Diagnostic imaging. Diagnostic imaging for these patients includes echocardiography, ventilation and perfusion scans (V/Q scan) or computed tomography angiogram, and pulmonary angiography, which remains the gold standard for the diagnosis of CTEPH. The observed relatively high prevalence of aPL in CTEPH, as discussed above, supports testing for these antibodies as part of the evaluation. However, it is unclear whether the diagnosis of APS would significantly alter management of CTEPH per se (as discussed below). The presence of aPL may be helpful in calling the physician's attention to other manifestations of APS and in the evaluation of comorbid conditions, overall risk assessment, and patient education. There is no evidence for an increased prevalence of inherited thrombophilias in patients with CTEPH.16,17
Treatment. Treatment of CTEPH differs significantly from that of other forms of PH in that there is a well-defined role for anticoagulation and pulmonary endarterectomy (PEA), which is the treatment of choice. Lifelong anticoagulation is recommended for all patients with CTEPH in order to prevent recurrent VTE and progressive PH. Vitamin K antagonists (eg, warfarin) are used for anticoagulation with the goal of maintaining a therapeutic International Normalized Ratio (INR) between 2 and 3. While baseline prolongation of the INR has been reported in patients with aPL, this is rare. When there is concern over the reliability of INR for monitoring anticoagulation, alternative approaches such as measuring factor II activity or chromogenic factor X activity may be used concurrently to assess the accuracy of INR measurements. 18
The use of unfractionated or low molecular weight heparins for long-term anticoagulation is not routinely recommended except in patients with recurrent thromboembolism while taking therapeutic warfarin. Pulmonary endarterectomy significantly improves symptoms and cardiopulmonary hemodynamics in these patients.19,20 The exact stage of the disease at which PEA should be performed is unclear.
Surgery early in the course of the disease is recommended as there appears to be a correlation between preoperative pulmonary vascular resistance and perioperative mortality.21 In addition, the degree of residual PH after surgery is a strong predictor of mortality and it has been proposed that PEA should be considered only if a significant improvement in pulmonary vascular resistance (> 50%) is expected following surgery.22
The benefit of placing inferior vena cava filters prior to PEA has not been established. While this is routinely performed at certain centers, this practice has not been universally adopted. Patients that are ineligible for surgery have been treated with prostanoids, phosphodiesterase 5 inhibitors, and endothelin receptor antagonists with variable success. Finally, there are case reports of significant benefit with use of prednisone in patients with APS and CTEPH, which may reflect an immune component of the pathophysiology in at least the subset of patients with CTEPH and aPL or APS.23,24
Antiphospholipid antibodies are commonly present in patients with SLE and other CTDs. Development of PAH has been reported in these patients.25,26,27,28 The prevalence of aPL in patients with SLE and scleroderma is 30% to 50% and about 7%, respectively.29 In the majority of cases these patients do not have APS based on current criteria. Pulmonary arterial hypertension is part of the spectrum of these diseases, and a role for aPL in the pathogenesis of PAH in these conditions has not been established.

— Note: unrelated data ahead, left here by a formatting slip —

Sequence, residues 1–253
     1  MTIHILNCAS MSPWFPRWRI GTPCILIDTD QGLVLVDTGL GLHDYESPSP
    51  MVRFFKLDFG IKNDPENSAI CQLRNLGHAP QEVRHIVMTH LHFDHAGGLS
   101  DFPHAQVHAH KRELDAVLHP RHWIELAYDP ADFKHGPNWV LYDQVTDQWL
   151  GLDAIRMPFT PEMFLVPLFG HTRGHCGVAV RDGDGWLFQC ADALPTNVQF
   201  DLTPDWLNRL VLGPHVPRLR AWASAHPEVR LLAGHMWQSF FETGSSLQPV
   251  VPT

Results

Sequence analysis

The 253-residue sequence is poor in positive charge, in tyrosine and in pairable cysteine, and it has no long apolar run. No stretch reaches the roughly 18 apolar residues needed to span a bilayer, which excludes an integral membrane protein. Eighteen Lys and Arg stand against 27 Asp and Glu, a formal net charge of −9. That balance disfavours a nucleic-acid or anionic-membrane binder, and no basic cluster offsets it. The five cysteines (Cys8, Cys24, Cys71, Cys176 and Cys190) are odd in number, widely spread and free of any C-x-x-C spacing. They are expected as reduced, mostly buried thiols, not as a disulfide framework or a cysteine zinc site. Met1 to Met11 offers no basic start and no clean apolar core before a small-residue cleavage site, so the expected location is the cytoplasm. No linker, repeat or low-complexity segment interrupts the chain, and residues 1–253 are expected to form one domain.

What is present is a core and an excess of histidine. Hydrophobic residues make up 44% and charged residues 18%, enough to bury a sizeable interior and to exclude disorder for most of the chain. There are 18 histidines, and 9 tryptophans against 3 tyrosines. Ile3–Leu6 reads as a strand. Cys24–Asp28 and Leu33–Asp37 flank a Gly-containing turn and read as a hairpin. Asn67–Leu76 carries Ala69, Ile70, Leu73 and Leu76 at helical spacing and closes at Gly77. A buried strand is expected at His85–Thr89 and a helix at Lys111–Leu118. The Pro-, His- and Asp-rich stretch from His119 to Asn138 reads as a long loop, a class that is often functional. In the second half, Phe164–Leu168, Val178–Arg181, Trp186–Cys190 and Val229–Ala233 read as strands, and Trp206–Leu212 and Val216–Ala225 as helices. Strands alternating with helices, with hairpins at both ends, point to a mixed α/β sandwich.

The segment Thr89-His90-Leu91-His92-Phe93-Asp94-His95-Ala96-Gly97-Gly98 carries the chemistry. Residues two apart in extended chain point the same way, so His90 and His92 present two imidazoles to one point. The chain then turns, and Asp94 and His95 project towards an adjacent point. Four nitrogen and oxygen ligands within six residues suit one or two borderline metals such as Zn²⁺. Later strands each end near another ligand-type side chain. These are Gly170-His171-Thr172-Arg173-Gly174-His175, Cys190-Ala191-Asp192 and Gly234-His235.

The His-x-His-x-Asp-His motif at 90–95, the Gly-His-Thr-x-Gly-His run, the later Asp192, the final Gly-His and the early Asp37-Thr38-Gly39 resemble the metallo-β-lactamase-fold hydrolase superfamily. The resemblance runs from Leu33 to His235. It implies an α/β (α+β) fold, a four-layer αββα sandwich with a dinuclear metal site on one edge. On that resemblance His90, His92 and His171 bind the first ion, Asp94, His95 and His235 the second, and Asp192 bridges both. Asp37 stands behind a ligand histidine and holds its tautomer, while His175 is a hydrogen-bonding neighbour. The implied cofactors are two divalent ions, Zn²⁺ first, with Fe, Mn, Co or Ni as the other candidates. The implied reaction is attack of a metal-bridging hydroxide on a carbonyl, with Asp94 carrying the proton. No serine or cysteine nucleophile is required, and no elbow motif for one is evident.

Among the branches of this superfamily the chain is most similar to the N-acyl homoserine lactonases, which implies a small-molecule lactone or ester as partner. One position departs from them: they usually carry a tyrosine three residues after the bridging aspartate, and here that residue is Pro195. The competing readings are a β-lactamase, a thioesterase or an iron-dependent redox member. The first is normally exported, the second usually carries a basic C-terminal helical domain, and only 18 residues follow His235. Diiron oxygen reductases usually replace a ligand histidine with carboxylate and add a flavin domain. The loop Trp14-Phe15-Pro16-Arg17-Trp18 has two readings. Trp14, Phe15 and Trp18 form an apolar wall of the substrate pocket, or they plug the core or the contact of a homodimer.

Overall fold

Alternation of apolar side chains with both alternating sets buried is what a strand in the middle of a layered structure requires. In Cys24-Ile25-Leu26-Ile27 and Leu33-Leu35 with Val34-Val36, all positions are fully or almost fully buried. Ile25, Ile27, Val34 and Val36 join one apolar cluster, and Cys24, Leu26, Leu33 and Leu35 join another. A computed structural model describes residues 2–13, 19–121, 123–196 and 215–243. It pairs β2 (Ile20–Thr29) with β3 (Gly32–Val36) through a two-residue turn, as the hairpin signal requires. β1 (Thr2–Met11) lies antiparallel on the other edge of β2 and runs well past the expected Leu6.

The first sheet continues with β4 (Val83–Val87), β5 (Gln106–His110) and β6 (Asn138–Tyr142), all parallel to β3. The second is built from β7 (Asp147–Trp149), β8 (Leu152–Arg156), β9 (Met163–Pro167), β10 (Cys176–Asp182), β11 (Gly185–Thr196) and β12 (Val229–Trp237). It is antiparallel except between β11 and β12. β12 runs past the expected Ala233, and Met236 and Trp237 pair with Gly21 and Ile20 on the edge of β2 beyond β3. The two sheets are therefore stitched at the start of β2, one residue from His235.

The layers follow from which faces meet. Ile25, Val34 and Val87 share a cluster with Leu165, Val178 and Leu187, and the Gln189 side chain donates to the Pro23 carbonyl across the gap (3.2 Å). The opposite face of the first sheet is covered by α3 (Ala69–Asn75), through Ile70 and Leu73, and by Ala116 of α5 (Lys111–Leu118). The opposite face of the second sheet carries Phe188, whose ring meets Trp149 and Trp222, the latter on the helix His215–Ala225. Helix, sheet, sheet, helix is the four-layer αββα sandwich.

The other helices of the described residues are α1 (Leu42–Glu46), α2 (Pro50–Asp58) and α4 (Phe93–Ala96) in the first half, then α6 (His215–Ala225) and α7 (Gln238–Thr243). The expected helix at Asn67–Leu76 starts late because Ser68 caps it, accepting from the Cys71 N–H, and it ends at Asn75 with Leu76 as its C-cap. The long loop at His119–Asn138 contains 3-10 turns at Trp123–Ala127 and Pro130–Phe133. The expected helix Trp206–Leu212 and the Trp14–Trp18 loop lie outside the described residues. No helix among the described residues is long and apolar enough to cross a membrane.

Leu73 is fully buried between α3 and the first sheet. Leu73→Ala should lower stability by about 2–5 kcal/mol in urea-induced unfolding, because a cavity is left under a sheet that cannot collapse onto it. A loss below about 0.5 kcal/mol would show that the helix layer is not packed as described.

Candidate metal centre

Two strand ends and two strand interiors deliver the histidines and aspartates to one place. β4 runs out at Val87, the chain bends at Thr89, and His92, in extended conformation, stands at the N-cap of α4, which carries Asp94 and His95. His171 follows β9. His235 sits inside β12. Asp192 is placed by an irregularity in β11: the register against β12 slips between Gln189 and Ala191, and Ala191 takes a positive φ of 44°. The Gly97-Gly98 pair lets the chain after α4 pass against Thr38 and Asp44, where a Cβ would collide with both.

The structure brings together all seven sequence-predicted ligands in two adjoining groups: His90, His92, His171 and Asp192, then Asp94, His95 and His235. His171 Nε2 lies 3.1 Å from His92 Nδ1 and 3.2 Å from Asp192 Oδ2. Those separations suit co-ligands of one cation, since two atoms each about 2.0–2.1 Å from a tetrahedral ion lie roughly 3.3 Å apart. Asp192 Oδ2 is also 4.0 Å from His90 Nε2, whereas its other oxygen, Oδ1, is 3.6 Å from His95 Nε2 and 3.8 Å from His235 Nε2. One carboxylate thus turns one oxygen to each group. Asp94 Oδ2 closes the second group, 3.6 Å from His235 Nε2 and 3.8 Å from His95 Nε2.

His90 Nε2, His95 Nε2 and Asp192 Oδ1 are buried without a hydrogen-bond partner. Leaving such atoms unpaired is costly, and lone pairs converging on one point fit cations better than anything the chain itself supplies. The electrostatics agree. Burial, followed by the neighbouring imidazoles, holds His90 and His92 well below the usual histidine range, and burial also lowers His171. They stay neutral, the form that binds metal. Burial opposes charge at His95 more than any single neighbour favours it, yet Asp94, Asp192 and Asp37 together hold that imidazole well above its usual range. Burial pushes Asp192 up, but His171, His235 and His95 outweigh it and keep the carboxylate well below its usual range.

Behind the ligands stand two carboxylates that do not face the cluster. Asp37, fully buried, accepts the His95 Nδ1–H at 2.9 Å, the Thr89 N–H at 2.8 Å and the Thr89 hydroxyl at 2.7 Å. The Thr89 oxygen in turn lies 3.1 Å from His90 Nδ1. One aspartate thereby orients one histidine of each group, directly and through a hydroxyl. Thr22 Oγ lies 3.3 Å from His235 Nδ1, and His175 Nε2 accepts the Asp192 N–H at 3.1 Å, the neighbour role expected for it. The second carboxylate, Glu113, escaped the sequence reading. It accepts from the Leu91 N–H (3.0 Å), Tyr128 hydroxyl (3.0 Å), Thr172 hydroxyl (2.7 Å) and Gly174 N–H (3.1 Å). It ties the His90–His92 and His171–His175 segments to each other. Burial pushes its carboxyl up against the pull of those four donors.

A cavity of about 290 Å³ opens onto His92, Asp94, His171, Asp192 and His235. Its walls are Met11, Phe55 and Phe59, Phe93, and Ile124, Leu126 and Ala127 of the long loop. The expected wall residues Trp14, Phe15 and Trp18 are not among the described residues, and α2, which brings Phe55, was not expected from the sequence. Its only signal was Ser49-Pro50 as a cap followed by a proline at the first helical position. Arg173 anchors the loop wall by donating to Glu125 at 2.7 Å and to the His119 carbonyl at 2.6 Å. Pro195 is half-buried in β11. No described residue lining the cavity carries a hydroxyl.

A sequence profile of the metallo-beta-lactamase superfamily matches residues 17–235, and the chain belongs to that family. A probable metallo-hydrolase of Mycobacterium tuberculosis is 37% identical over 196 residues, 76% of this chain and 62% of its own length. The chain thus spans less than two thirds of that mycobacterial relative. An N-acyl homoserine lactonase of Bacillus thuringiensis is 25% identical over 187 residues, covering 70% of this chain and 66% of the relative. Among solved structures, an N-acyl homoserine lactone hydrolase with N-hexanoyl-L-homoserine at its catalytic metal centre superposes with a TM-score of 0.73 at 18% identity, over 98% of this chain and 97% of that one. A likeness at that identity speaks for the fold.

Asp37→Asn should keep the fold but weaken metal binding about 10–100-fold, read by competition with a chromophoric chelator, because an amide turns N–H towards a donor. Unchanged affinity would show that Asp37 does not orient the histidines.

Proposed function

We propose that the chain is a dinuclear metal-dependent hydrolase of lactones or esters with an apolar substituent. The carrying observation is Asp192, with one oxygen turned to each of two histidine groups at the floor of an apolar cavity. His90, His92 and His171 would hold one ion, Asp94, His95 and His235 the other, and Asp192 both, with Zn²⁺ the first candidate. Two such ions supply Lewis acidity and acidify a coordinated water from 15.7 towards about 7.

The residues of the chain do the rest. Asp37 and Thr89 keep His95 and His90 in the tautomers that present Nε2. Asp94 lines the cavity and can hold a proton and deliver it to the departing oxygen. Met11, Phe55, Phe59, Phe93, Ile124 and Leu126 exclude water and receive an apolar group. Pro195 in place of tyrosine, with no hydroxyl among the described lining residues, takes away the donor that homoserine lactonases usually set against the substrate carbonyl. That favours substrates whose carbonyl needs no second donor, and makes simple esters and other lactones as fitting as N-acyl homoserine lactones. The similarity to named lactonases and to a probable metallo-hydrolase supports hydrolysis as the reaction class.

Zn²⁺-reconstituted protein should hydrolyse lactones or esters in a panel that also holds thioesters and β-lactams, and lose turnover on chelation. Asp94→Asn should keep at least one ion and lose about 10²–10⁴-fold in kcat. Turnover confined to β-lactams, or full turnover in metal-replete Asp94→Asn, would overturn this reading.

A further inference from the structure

The clinical manifestations of PAH in these patients are similar to and indistinguishable from those seen with IPAH and PAH secondary to other causes. In general, the diagnostic evaluation and management of PAH in these patients is also similar to other forms of PAH. Because the primary disorders in this subgroup are immunological, the addition of immunosuppressive agents to the therapeutic regimen may be of benefit. It is important to consider CTEPH in all patients with CTDs and PH as the management of CTEPH is significantly different from other forms of PH, as discussed above.
IPAH (previously termed primary pulmonary hypertension) is defined as the development of PAH in the absence of any other associated disease or cause. Antiphospholipid antibodies have been reported in these patients as well.30 Once again, no data are available to demonstrate a causative role for these antibodies, although such a role has been speculated. Proposed mechanisms by which aPL lead to the development of IPAH include platelet and endothelial activation, which leads to pulmonary vascular remodeling and PAH. Increased levels of endothelin-1, a potent vasoconstrictor, have been demonstrated in patients with PAH and it is widely believed that endothelin-1 plays a role in the pathogenesis of PAH.31 Increased levels of circulating endothelin-1 have been reported in patients with aPL and this has been proposed as a mechanism for the development of PAH in patients with aPL with or without thrombosis.32
Valvular heart disease is a well-recognized cardiac manifestation in APS and SLE. The classic abnormality is the presence of verrucous vegetations on the valve leaflets first described by Libman and Sacks.33 This is variably referred to as Libman-Sacks endocarditis, verrucous endocarditis, or nonbacterial endocarditis. While reports on the incidence of Libman-Sacks endocarditis vary widely, it is conservatively estimated to be present in about 20% to 30% of patients with SLE and about a third of patients with primary APS.34,35,36,37 There are reports of an increased incidence of valvular heart disease in patients with aCL, with or without coexisting CTD.38,39 Libman-Sacks endocarditis commonly involves the mitral and aortic valves and can result in significant regurgitation and eventually result in PVH. The exact incidence of PVH in patients with Libman-Sacks endocarditis is not known. Treatment with anticoagulation or antiplatelet agents does not improve the valvular disease in these patients.40,41,42 Whether there is a role for immunosuppression in these patients is unclear as there are conflicting reports in the literature. 43,44
Key Words - Pulmonary hypertension; antiphospholipid syndrome; chronic thromboembolic pulmonary hypertension; systemic lupus erythematosus.
Address for reprints and other correspondence to: Robert A. S. Roubey, MD, Division of Rheumatology, UNC-CH, CB #7280, Rm. 3330 Thurston Bldg, Chapel Hill, NC, 27599-7280; email: email@example.com.